The wilds of Alaska are a hard place to live. Beautiful, vast, and full of spectacular views, but hard. And according to reports, Richard Jessee found out first hand just what kind of dangers are lurking there. For a week straight, a grizzly bear first attacked him, and then stalked him day and night.
Jessee was staying at a remote mining camp about 40 miles from Nome, a small city on the southern Seward Peninsula coast of the Bering Sea. On July 16, a Coast Guard aircrew was flying an MH-60 Jayhawk helicopter from Kotzebue to Nome when they spotted something odd: an SOS sign atop a shack, and a man waving both arms in the air at them. When the crew looped around and landed nearby, they discovered that he had severe bruising on his torso and a leg injury.
“We don’t really come across people in the middle of nowhere. He was kind of struggling. When we came around, he was on his hands and knees waving a white flag,” Lieutenant AJ Hammac, a 35-year-old co-pilot who rescued the man, told the New York Times. “He definitely looked like he had been out there for a while.”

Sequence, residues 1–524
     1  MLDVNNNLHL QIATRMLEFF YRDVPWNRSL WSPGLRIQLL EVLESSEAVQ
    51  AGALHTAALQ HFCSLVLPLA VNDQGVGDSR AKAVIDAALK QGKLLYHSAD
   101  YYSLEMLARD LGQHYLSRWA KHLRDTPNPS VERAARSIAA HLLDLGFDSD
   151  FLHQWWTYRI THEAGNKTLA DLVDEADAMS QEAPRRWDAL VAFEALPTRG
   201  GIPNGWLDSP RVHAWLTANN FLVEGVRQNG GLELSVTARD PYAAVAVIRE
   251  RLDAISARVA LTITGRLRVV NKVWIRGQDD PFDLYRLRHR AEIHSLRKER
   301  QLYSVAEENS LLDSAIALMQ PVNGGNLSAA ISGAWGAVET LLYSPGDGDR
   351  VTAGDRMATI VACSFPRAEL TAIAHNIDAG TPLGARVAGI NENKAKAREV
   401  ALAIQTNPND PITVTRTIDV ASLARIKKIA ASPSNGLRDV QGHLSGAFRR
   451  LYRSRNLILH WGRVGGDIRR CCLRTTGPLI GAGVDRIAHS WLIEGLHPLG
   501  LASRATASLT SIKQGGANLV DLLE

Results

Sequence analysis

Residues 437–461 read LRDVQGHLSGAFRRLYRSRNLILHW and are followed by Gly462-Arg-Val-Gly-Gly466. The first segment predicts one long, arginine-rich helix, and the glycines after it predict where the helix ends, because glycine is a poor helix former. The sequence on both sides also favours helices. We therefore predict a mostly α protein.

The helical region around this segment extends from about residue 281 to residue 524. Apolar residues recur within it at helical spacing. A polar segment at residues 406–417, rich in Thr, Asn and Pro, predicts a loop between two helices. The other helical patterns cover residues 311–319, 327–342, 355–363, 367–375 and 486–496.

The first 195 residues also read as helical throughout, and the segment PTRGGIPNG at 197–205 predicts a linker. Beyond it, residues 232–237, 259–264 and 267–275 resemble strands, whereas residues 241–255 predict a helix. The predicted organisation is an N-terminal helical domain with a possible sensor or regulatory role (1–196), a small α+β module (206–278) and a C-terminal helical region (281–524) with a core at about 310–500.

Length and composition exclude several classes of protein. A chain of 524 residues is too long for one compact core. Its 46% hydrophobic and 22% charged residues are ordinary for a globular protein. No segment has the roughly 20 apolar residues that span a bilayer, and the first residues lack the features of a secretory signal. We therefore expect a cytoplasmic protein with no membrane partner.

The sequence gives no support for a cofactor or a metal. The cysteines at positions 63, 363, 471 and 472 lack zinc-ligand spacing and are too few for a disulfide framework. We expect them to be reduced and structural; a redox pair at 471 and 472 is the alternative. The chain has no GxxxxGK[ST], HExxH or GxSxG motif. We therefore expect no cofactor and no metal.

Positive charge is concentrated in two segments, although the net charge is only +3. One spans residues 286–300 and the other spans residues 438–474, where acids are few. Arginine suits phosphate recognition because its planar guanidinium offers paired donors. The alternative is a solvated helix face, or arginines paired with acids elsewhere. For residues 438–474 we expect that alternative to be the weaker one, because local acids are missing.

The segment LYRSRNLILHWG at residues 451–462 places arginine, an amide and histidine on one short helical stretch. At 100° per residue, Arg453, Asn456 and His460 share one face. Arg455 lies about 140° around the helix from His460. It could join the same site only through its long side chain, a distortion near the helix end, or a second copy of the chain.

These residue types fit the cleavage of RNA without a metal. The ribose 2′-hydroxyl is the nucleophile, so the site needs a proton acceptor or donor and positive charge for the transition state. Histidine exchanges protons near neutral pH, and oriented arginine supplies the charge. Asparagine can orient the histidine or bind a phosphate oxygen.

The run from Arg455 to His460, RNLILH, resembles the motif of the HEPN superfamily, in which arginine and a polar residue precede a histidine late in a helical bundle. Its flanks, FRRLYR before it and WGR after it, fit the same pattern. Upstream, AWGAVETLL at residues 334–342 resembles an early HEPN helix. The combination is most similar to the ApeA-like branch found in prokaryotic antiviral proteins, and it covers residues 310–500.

According to Lt. Commander Jared Carbajal, one of the pilots of the Coast Guard helicopter, Jessee had been attacked by the bear a few days prior to his rescue. Local media in Alaska reported that he was riding his ATV when the bear attacked him. Jessee was apparently towing a trailer and crossing a river when the animal found him. The ATV and trailer sank in the water, as did Jessee’s cell phone. The man was able to fire his pistol at the bear, which warded it off for the time being. But the bear then kept coming back to his place, stalking Jessee. “There was no doubt about it: the bear was trying to get into my cabin,” Jessee said. “I don’t know why it was so aggressive. Maybe it had cubs nearby.”
Jessee’s shack is near the mining claim. He’s extraordinarily lucky the Coast Guard happened to fly over him when they did. They had reportedly changed course a few minutes before finding him in order to avoid low clouds when Commander Carbajal and the co-pilot spotted him.
“(My co-pilot) said, ‘Hey, there’s a guy down there and he’s waving at us,’” Commander Carbajal recalled. “I said, ‘Is he waving with one hand or two hands?’ I said ‘Well, that’s usually a sign of distress.'”
They loaded Jessee up on the helicopter and transported him to emergency medical service personnel waiting in Nome, where he is expected to make a full recovery.